[transcript of video]
Maybe you’ve seen a PowerPoint presentation that looks something like this [visual: heinous PPT template]. Maybe you were the author of a PowerPoint like that. This is a little unfair—usually people will throw in some clip art to jazz it up a little [visual: ridiculous smiley-face clip art]. How do you avoid the dreaded bullet-drenched PPT? Here are 3 tips.
1. Be simple. I know, you’ve heard it before. But it’s worth hearing again. There’s a trial lawyer who holds a focus group with the jury after every major case. His one overriding conclusion: If you make 10 arguments to the jury, no matter how good each argument is, by the time they get back to the jury room, they’ll remember nothing. If you say 10 things, you say nothing. Well, your colleagues are your jury. I know it hurts to cut but if your main points are going to shine through, you’ve got to be ruthless.
2. Show something. To be clear, that’s not the same thing as using clip art. You don’t need to decorate, you need to communicate. What you show doesn’t even need to be on the screen. I got an email from the president of a power tools company who was on the way to a sales meeting. He’d prepped a long presentation about how great his tools were. At the last minute, he decided to toss it out and instead, he put two drills on the table in front of the customer—his and his competitor’s. He disassembled both of them side-by-side to show the durability of his drills. The customer loved it. The best presentations are like this—they bring a little reality into the room.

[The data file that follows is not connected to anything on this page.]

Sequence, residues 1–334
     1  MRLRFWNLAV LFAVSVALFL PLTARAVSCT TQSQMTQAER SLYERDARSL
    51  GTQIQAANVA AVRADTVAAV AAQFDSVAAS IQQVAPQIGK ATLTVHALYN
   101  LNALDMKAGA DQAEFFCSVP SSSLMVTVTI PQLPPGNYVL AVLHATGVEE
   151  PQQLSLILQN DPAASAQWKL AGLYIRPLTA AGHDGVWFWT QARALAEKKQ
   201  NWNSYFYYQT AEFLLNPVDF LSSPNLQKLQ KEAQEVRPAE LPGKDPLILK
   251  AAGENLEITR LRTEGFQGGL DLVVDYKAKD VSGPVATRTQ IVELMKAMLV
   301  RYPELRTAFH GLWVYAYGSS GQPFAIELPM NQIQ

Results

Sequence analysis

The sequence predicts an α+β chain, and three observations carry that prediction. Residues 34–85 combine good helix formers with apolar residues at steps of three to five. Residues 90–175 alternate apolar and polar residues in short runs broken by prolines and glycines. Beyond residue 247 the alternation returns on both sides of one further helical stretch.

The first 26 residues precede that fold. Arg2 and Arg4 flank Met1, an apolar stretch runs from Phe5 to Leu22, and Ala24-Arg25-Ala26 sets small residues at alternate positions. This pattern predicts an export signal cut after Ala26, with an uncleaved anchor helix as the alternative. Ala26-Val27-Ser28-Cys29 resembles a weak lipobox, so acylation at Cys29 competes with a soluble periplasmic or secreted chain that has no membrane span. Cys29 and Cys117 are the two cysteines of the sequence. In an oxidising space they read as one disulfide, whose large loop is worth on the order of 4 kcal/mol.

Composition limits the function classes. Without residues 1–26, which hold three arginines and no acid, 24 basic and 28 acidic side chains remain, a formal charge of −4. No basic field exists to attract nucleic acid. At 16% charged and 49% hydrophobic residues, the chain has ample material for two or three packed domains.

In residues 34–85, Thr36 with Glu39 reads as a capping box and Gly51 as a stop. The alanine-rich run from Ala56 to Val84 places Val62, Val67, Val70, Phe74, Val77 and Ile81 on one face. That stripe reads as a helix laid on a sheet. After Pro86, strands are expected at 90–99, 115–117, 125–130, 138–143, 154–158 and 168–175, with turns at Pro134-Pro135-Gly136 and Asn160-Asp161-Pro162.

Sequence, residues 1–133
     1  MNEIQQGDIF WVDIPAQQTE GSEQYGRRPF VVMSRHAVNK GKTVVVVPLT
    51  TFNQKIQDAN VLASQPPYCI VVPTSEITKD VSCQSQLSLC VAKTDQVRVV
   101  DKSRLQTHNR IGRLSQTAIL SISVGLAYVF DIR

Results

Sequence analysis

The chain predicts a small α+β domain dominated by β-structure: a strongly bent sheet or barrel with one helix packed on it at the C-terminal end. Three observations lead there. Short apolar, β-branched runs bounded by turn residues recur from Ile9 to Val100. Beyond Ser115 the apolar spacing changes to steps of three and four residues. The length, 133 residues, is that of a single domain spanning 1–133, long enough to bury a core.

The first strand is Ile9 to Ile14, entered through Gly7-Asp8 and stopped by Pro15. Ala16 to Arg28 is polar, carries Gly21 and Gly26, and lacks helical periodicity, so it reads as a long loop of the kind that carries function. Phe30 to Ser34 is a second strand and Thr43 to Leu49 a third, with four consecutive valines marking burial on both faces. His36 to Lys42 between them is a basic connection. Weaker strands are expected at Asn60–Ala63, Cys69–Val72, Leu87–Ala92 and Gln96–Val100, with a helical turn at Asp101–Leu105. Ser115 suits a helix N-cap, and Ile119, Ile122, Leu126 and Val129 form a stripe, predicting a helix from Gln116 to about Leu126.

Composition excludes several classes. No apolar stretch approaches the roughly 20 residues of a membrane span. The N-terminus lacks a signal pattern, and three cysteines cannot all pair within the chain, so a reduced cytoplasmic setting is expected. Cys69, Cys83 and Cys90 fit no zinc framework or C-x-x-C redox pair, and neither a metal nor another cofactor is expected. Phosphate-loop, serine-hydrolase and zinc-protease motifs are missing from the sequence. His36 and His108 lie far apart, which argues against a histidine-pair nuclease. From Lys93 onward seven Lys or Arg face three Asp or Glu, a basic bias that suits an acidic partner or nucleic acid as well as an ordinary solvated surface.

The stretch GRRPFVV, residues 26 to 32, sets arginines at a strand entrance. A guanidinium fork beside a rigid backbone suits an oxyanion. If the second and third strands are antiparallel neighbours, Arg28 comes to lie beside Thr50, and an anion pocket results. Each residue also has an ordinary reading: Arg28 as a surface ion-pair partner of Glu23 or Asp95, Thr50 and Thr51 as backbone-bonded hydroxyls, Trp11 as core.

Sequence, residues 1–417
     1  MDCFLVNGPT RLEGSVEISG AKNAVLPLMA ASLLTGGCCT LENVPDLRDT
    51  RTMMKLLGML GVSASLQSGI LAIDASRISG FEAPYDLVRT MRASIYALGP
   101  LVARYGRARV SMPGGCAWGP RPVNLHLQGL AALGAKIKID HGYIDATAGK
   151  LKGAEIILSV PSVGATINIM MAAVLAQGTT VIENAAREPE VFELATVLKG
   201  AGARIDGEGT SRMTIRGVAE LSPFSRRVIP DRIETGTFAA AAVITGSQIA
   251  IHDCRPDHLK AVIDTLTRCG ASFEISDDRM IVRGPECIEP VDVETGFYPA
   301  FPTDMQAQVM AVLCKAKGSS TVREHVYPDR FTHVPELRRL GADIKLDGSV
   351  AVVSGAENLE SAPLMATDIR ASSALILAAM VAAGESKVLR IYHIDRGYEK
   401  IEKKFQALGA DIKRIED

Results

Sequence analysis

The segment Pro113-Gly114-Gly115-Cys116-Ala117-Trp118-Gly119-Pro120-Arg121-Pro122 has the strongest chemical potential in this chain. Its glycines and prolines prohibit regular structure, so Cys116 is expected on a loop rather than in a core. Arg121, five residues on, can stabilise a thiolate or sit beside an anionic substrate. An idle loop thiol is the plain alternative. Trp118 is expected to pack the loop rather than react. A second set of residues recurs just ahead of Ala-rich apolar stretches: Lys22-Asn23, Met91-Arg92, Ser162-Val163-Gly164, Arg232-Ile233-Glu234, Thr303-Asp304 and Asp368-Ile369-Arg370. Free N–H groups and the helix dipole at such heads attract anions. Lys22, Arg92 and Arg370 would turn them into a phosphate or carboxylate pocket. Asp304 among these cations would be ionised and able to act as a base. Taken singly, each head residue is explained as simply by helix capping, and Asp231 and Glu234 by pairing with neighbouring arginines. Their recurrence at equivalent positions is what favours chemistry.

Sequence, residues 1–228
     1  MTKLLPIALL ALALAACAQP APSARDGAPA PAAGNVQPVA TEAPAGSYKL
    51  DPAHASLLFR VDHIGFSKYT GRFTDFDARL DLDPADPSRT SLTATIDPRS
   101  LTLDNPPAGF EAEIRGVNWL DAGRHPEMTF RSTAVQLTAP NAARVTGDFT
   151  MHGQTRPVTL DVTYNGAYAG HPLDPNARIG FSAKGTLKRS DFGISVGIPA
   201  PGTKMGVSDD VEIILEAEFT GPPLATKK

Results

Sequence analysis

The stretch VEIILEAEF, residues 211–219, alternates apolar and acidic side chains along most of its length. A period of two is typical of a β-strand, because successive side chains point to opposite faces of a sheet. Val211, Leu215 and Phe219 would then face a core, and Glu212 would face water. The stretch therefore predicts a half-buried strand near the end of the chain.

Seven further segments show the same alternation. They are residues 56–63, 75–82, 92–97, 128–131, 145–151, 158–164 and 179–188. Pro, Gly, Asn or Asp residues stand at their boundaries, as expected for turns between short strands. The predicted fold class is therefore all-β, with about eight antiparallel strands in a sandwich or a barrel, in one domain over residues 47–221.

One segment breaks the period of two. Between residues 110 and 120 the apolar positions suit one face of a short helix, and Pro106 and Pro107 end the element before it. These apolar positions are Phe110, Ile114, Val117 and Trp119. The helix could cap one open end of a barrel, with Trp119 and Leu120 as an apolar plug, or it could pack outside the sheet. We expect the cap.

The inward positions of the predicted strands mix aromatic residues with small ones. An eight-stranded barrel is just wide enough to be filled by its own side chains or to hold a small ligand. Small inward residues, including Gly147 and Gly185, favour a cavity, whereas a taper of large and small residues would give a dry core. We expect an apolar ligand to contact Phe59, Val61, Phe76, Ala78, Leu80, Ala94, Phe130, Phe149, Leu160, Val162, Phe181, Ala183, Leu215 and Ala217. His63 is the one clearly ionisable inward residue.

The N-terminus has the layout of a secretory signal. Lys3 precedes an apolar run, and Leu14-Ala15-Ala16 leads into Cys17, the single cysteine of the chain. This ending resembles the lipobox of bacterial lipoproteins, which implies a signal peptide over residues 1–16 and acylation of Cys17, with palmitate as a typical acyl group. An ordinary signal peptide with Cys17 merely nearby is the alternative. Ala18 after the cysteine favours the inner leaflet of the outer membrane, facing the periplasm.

3. Tease before you tell. For your audience to value the information you’re giving them, they’ve got to want it. So get people curious. There’s a great example you can find online called "The Girl Effect" video. It starts by recounting a list of big global problems: AIDS. Hunger. Poverty. War. Then, it asks, What if there was an unexpected solution to this mess? Would you even know it if you saw it? The solution isn’t the internet. It’s not science. It’s not government. If you find yourself curious about the answer, it means they’ve succeeded in teasing before telling. (Go to girleffect.org for the answer.)
There’s plenty more to say on the topic of sticky presentations—to get more resources, check out the links below.
Chip and I devoted a Fast Company column to making presentations stick—we discuss similar themes as the video but in more detail. You can also check out a longer 4-page document we wrote called "Making Presentations that Stick"—just register on our Resources page to get free access. There are many books that deal with presentations specifically—two of my favorites were written by Jerry Weissman and Garr Reynolds. And I love this Guy Kawasaki blog post explaining his 10/20/30 rule—I'll leave you in suspense about what that means.